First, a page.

TransUnion has upgraded a digital retail platform banks can use to promote loans for partner dealerships' inventory.
The credit bureau's Auto Payment Shopper, which launched in 2019, allows a lender's customers to filter partner dealerships' inventory into a list of vehicles the lender will pre-qualify them to finance.
The revised version announced March 9 incorporates CarNow's digital platform to provide more "real-time" inventory than before. It also allows features such as valuing trade-ins, scheduling test drives and shopping for finance and insurance products. Additionally, the upgraded platform reflects advances in the tools that can streamline an application, such as document capture and fraud prevention, according to TransUnion Senior Vice President Satyan Merchant.
The Auto Payment Shopper news follows another announcement of retailer technology pitched as a means for lenders to solicit auto loan volume directly from customers rather than hope dealerships send them business.
In January, CarSaver and CUNA Mutual Group announced a way for credit unions to send members notices of preapproval and offer customers a digital platform to shop and buy the vehicles they'd be financing.
"Consumers have increasingly digitized the shopping aspect of their lives, including buying large ticket items such as cars, and many consumers continue to show a preference toward conducting as much of that process as possible online," Merchant said in a statement March 9. "The prequalification capabilities of Auto Payment Shopper affords consumers the flexibility of accurately comparing a variety of vehicles by monthly payment directly with the lender — which allows consumers to make a more informed choice as to what car is ultimately the best fit for their budget."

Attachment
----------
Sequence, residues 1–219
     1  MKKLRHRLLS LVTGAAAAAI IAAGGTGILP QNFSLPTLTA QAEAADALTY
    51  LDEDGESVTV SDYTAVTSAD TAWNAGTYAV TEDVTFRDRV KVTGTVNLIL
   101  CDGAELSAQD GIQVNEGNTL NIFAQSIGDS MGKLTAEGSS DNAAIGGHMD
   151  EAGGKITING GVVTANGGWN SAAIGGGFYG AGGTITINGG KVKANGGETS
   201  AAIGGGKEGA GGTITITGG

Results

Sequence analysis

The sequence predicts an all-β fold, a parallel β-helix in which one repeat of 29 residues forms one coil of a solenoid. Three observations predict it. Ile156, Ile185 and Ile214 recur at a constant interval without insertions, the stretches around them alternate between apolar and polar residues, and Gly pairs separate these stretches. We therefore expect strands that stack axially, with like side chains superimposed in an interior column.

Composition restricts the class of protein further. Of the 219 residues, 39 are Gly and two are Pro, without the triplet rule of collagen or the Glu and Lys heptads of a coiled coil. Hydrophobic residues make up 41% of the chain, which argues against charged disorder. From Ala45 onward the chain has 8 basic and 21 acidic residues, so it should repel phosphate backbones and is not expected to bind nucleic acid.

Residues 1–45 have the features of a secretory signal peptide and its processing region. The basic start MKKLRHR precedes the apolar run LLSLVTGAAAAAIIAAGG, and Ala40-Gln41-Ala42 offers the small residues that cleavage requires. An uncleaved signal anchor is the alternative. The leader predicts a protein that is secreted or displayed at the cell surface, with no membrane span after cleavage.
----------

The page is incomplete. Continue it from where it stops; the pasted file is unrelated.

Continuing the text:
But while lenders would play a more active role in car deals made using either platform, the loans arranged remain indirect — fostering rather than circumventing the dealership's ability to capture F&I revenue from the transaction. Both the CUNA and TransUnion products show interest rates incorporating dealer reserve, not buy rates, and also allow customers to shop and select a dealership's F&I products.
As Merchant put it, the lender would be giving dealerships "stronger leads." He suggested the advance work done on the deal by the bank would be among the factors deterring F&I offices from trying to substitute a different, more profitable lender.
"We don't expect that to be a major problem," he said.